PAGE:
Face-to-face gives you audio options
A. You can do a “toss” open
This is a great way to get the guest involved. Include the guest in the introductory “hook.” They love it.
“This is John Gilroy from the Federal Tech Podcast”
“This is Jeff Gallimore from Excella”
“Today, we will talk about software project management and the shift left.”
B. You can have the guest record a mid-roll read for the next episode
“This is Brian Baney from Aeyon. Listen to episode 65 to get a better understanding of intelligence analysis and large data sets”
C. You can make lighthearted comments about a guest’s appearance, all in wholesome fun.
“Joe, you are the young guy and I am the old guy here”
Under the guise of a “mic test,” you can uncover a lot of things. The philosopher Yogi Berra once said that you can observe a lot of things by watching.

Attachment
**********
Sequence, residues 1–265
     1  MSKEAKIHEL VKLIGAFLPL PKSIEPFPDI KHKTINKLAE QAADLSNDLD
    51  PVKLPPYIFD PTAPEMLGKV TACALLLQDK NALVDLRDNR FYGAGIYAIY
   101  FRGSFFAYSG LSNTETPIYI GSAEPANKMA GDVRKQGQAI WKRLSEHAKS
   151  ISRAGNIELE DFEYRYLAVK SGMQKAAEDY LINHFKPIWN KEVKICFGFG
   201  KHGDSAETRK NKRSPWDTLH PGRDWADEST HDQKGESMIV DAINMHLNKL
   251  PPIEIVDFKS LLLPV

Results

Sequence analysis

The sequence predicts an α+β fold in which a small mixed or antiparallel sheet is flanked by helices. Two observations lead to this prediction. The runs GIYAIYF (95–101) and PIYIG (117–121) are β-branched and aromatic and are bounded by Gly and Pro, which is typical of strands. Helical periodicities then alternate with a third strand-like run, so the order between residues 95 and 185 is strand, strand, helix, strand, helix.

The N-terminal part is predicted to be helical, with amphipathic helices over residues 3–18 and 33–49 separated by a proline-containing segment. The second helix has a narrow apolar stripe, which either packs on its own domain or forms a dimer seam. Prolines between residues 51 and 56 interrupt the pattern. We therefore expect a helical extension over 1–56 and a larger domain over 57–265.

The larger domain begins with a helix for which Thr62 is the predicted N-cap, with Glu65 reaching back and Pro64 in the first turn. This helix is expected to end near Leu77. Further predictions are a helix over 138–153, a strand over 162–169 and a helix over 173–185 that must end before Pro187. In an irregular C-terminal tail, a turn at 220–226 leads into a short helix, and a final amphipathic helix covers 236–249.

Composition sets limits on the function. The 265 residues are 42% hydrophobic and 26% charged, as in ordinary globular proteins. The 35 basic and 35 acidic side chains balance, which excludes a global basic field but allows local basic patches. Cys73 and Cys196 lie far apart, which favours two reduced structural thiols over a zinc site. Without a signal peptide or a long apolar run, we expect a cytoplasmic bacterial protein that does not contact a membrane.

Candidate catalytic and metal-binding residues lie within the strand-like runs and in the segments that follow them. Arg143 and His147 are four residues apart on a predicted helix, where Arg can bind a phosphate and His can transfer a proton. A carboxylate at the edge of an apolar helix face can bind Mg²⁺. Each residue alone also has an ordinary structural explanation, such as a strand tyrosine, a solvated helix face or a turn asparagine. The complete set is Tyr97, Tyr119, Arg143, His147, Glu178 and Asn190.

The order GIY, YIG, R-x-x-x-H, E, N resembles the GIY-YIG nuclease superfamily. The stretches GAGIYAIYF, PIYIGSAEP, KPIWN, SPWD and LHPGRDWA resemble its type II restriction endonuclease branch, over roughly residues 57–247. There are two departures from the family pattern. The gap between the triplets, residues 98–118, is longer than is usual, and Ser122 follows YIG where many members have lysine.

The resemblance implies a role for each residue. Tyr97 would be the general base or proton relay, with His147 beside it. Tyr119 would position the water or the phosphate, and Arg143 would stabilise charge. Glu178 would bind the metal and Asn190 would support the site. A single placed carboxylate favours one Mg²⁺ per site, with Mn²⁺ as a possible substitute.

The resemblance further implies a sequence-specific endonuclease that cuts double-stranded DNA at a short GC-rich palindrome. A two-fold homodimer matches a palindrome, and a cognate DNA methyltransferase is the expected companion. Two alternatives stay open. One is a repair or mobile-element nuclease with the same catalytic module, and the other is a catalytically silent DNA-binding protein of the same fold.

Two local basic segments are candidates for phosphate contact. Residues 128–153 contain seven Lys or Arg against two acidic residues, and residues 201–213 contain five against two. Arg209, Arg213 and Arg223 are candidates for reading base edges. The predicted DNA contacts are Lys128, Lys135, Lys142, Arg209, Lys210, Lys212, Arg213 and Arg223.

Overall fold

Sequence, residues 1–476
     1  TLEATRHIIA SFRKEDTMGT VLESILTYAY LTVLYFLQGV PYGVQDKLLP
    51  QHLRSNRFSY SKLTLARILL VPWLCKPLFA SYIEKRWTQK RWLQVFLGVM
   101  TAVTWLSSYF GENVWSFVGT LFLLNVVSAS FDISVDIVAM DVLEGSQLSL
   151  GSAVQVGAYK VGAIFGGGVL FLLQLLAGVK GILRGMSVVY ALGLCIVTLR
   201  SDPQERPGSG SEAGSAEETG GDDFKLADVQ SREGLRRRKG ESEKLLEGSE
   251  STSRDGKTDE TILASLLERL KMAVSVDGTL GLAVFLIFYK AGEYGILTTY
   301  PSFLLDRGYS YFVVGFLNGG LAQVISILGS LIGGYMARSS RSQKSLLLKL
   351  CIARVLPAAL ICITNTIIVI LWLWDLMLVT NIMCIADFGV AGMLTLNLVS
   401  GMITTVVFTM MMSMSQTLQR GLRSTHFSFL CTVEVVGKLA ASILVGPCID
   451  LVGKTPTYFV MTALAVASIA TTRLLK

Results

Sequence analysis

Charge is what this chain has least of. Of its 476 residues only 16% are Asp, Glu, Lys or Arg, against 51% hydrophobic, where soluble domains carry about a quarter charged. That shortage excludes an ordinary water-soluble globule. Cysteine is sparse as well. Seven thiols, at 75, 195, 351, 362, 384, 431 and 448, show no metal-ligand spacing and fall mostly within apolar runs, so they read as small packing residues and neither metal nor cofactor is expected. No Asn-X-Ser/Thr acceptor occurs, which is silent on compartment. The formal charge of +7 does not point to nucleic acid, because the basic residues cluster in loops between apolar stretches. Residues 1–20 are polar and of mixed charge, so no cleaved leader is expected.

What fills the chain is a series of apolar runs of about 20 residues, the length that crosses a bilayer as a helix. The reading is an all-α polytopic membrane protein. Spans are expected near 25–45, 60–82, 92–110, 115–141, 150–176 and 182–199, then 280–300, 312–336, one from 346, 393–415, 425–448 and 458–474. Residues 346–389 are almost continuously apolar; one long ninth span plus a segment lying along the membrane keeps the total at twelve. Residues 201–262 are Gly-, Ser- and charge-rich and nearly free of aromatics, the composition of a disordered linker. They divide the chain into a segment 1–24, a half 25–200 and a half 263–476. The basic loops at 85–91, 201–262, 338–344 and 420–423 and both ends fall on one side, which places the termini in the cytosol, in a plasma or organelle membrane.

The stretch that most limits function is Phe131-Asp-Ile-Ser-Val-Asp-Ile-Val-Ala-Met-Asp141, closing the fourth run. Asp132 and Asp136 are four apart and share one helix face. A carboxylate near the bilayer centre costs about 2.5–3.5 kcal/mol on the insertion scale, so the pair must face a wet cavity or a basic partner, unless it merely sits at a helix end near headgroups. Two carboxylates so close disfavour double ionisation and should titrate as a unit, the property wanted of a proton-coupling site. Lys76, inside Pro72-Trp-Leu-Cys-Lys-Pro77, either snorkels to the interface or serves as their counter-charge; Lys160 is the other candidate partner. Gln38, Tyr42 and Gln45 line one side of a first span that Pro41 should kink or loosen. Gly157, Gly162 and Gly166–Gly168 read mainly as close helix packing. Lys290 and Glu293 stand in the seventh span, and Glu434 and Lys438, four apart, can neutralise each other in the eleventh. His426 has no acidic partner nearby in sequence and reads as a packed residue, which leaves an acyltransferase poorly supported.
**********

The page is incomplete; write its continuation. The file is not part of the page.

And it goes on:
While you are ostensibly testing the setup, you can work out the call to action, understand how names are pronounced, and even ask about breaking news events that might impact the interview.
For example, if you are interviewing an expert on federal website design. The day before, an Executive Order from the White House may be issued that will have an impact on the discussion.
If you are interviewing a technology company helping improve federal website design, you will have to ask their reaction. This can be previewed during the initial back and forth.
Everybody is sick and tired of publicity photos. Does anyone look like their LinkedIn photo? I always have a professional photographer getting live shots during the interview. These shots are powerful in many ways.